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Traditional Water Harvesting Techniques of India

Traditional Water Harvesting Techniques of India

In terms of water prosperity our country India has been blessed with various water gifts from Mother Nature. Fresh water lakes, rivers, ponds, aquifers and the monsoons to replenish them year after year.

India has always since ancient times has had a history of floods and droughts. So, over the ages the Indian civilisation had learnt the need and implementation of water harvesting, drainage system and storage of water. Different parts of the country follow different techniques based on the geographical uniqueness of that place, like the weather and land type.

Though various indigenous water collecting and storage methods are followed across India like baolis, kunds, katas, bandhs etc., let's look at some of the most amazing, scientific, practical and rich traditional techniques of water conservation and management systems, that are followed in our country.

1. Zing - In J&K, Ladakah - the water of melting glaciers is collected in small tanks called Zing. Water from the melting glacier is brought to the tanks through a network of channels. It starts with a trickle in the morning and turns into a flowing stream by the afternoon. The water thus collected by the evening, is used in the fields on the following day.

2. Zabo - In Nagaland - conservation of forests is the basic step of water conservation as they form the main catchment areas. The water from these forests is diverted through channels from the hilltops to the reservoirs below. This harvested water carries a lot of organic matter with it which serves as nutrients for the farmlands.

3. Bamboo Drip irrigation - In Meghalaya - bamboo channels are used to divert the water from a source such as a spring through an intricate system of bamboo channels. It reaches the fields where it serves the irrigation purposes.

4. Panam Keni - In Kerala the native tribe of Wayanad harvests water in a unique way. The stems of toddy palms are soaked in water till their core rots away. Wooden cylinders of the leftover hard outer layer, which are nearly 4 feet in diameter are immersed in groundwater springs. This holds water even in the hottest months of the year.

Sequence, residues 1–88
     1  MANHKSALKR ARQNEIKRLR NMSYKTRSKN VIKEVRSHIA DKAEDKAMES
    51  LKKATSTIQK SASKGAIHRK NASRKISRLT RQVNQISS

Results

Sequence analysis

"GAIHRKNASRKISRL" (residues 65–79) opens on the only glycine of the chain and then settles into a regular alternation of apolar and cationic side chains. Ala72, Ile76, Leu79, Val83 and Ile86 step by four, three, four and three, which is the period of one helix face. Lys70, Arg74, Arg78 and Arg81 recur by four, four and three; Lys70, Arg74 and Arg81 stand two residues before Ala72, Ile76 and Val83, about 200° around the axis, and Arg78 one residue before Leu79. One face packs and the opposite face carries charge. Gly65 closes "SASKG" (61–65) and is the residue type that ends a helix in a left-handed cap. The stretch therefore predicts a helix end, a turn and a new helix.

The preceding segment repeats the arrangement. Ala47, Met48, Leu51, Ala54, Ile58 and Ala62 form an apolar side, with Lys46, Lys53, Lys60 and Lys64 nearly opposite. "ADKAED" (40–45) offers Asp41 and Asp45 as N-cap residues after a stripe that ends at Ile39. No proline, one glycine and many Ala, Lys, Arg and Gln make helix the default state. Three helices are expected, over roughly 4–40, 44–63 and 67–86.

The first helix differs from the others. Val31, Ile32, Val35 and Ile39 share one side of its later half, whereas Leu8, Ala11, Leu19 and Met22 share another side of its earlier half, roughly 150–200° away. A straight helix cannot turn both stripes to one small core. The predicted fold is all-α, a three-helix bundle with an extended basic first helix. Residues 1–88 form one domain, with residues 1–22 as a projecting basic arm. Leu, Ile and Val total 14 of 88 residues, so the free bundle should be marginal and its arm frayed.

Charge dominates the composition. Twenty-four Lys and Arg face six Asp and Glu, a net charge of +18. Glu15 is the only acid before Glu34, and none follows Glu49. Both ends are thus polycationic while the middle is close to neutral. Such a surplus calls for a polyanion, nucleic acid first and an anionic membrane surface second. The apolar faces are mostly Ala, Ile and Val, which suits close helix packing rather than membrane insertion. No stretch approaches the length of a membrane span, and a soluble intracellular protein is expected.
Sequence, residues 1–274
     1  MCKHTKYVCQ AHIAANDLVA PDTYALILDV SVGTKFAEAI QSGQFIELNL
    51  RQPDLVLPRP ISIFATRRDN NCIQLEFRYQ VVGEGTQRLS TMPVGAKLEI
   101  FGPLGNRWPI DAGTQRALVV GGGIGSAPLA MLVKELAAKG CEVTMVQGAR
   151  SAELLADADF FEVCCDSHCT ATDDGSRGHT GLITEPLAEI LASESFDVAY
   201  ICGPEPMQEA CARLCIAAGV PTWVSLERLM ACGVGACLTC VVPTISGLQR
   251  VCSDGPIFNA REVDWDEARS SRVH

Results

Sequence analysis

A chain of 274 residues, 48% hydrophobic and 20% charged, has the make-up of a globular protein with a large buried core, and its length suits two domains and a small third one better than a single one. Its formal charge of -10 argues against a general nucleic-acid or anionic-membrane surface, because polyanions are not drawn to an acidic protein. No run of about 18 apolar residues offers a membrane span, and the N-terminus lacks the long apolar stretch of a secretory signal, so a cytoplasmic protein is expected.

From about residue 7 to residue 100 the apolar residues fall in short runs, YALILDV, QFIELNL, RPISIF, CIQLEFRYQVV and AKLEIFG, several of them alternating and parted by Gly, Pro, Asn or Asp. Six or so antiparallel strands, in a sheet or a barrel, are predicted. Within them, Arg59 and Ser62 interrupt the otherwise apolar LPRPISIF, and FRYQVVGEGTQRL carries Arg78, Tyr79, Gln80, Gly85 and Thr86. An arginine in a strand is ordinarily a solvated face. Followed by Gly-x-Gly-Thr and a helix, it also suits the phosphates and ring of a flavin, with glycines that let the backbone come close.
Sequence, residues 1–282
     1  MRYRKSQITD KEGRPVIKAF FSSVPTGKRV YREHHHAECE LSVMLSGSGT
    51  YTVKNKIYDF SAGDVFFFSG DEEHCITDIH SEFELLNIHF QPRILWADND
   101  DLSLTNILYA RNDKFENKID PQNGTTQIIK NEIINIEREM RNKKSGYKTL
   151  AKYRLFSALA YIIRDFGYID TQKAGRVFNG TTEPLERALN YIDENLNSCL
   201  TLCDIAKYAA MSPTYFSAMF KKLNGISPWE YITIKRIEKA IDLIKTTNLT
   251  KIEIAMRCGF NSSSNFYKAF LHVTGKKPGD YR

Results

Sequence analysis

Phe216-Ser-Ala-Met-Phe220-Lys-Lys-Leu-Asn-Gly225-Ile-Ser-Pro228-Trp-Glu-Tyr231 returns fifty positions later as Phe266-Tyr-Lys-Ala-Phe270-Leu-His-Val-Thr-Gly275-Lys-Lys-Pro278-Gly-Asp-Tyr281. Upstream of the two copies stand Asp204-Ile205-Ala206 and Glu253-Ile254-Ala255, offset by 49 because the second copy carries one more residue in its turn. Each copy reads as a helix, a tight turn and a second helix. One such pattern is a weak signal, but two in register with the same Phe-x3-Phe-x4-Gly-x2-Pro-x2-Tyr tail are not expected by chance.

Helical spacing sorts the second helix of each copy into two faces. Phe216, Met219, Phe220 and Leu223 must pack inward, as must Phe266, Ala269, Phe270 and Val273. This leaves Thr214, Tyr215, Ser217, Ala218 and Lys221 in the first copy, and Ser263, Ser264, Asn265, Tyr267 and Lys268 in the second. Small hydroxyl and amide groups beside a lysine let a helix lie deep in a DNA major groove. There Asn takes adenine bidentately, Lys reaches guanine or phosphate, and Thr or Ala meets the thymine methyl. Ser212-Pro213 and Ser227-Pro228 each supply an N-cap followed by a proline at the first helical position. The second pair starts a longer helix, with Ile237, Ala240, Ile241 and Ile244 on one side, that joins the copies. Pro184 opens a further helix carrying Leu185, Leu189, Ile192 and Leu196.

5. Jackwells - In Nicobar Islands the Shompen tribe uses Jackwells for water harvesting. These are small pits encircled by bunds made from logs of hard wood. Full length bamboo strips split longitudinally are placed on gentle slopes under trees to collect and channelize the runoff water from leaves. The entire system is constructed keeping in mind gravity so that a natural flow is maintained.

With time as we drift away to modernisation and urbanisation we in India can very well resolve the water crisis, inevitable in future, by reviving our age-old water conservation techniques of diverting, channelizing, harvesting, storing and restoring the rain and ground water.

In Story

A Rainbow Story


Out in the lush, green garden Binnu chased the multi-coloured butterflies which flitted from flower to flower.

Suddenly there was a flash of lightening. Soon, the sky was completely overcast and it begun to rain. Binnu and his mother took shelter in the verandah and watched the rain. The rain stopped after a while and the sun peeped out from behind the clouds.

Binnu ran into the garden again. He caught his breath when he looked at the sky. A lovely multi-coloured arc extended right across the blue expanse.

"When the sun's rays shine on the falling drops of rain, a rainbow is formed." His mother told Binnu.

"Mother, tell me a story of the rainbow," begged Binnu.

"Well, in King Indra's court there were seven naughty children who were always quarrelling and fighting."

"One day an argument arose over who was the greatest among them."

"The red child said, 'How can it be anyone but me? Watermelons, pomegranates, apples, tomatoes all have red, you see.'

"Spoke the orange child, 'Oranges, carrots or grain they are all the same. They owe their colour to me.'

"The yellow child piped up, 'My fame has spread far and wide, you find me in guavas, bananas, sunflower or rose. In all of them its yellow that shows.'